On the afternoon of October 22nd, football fans saw something that’s been missing from NFL action for a long time. It was a phantom of sorts, a shadow of years gone by. It was a fully-functioning Green Bay Packers football team.
But can the 34-24 road victory against the Miami Dolphins give the Pack some much-needed momentum? Realistically, nobody expects to see the 2006 Packers in the Super Bowl, but is a winning season still a possibility? With the victory against the Dolphins, Green Bay moves to 2-4. Their next game will be at home, in Lambeau Field, versus the 1-6 Cardinals. It would seem that all the pieces are in place for the Packers’ second victory in a row, but it must be remembered that the Cardinals’ poor record can be largely chalked up to bad luck, and they’re the only team thus far to come close to putting down this year’s superhuman Chicago Bears squad.
Thanks to the win versus Miami, the Packers’ most crucial cornerstone is already in place: Brett Favre is in a good mood; he’s ready to win. For the Packers to succeed, Brett Favre must be pumped-up and in this winning mindset.
During the Pack’s recent Monday Night loss to the Bears, Brett Favre was reported to have said, “It’d be nice to have some help” when told that it was time for him to step up and earn his paycheck. The minute this attitude returns is the minute the Packers start losing.
Furthermore, Brett Favre is still Brett Favre: he’s still fun to watch, he’s still brilliant, but he’s still playing inconsistently, regardless of how upbeat he is. Only now that exciting inconsistence is coupled with a little less accuracy, a little less speed, and an attitude that is a little quicker to succumb to frustration. Many of his big plays against the Dolphins could have just as easily been big plays for the defense-interceptions, 3rd down stops, or sacks. At this point in Favre’s illustrious career, it seems that success has become almost a matter of luck. When the luck runs out, Brett Favre gets frustrated; when Brett Favre gets frustrated, interceptions get thrown; when interceptions get thrown, the Packers lose… and then Brett Favre gets more frustrated.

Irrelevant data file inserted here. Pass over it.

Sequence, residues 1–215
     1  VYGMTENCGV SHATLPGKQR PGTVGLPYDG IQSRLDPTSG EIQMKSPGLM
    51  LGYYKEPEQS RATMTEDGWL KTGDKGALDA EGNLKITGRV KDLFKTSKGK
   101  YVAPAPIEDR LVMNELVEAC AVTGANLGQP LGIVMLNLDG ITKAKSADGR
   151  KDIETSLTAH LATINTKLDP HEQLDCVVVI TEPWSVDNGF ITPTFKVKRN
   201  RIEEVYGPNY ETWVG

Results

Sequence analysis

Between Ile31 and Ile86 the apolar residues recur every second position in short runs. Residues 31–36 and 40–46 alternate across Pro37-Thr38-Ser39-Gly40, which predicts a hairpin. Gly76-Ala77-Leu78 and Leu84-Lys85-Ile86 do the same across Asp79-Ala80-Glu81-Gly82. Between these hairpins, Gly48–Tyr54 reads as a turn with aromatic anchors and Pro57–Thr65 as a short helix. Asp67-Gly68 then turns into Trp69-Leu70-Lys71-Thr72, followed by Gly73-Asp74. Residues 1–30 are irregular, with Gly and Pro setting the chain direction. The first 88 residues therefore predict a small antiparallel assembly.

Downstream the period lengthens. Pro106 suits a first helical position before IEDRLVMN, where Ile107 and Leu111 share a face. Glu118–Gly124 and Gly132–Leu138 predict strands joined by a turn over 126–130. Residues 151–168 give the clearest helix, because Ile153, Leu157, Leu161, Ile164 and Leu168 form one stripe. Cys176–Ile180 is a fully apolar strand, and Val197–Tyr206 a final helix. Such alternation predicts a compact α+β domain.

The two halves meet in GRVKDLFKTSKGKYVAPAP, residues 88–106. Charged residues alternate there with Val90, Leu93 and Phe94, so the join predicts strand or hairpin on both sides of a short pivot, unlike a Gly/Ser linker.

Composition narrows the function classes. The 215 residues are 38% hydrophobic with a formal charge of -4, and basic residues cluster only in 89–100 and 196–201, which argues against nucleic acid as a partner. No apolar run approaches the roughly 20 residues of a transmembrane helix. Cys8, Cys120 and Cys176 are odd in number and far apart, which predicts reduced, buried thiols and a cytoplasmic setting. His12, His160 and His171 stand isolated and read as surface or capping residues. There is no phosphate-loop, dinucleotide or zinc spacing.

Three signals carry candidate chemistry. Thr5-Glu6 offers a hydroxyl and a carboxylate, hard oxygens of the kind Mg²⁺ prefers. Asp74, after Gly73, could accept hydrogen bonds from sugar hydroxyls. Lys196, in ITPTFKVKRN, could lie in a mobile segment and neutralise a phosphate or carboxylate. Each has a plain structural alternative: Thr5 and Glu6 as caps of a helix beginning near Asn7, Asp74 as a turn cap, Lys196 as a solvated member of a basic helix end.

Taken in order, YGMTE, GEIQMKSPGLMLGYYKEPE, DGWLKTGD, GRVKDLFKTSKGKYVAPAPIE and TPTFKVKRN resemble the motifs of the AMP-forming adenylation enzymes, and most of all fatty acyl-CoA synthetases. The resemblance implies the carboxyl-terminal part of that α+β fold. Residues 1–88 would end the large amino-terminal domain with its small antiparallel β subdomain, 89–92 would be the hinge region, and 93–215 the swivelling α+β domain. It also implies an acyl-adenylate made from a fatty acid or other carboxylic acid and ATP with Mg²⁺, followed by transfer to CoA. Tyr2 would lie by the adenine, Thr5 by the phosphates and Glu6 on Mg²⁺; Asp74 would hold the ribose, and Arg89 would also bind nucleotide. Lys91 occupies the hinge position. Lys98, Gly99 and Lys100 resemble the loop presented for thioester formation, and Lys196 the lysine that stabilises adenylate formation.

Anyway, a legendary quarterback does not an offense make. Thankfully, Ahman Green seems to have returned for real. With an impressive 70-yard touchdown run in Miami, the star runningback became the Packers’ all-time leader in rushing yardage. For the Packers’ young offense to succeed they need a consistent and healthy runner; Green’s performance in Miami indicates that he may finally be ready to step back into that role.
On the defensive end, the acquisition of Charles Woodson has finally paid off in a tangible way. The Green Bay defense had been in search of a veteran defensive leader for some time now, and Charles Woodson has stepped up. In the Miami game, Woodson made a game-turning play, returning an interception for a touchdown. It was his first interception return for a TD since 1999.
There is a paradox inherent to football and many other sports. Young, inexperienced players get better with each game while old superstar veterans get slower and more inconsistent with each game. Yet young players need old players around to learn from and feed off of. The Packers have been struggling to find a winning balance within this formula: they need their many rookies to develop as quickly as possible, before their veteran core is too old to play effectively. Could that equilibrium have finally been reached in the victory against Miami?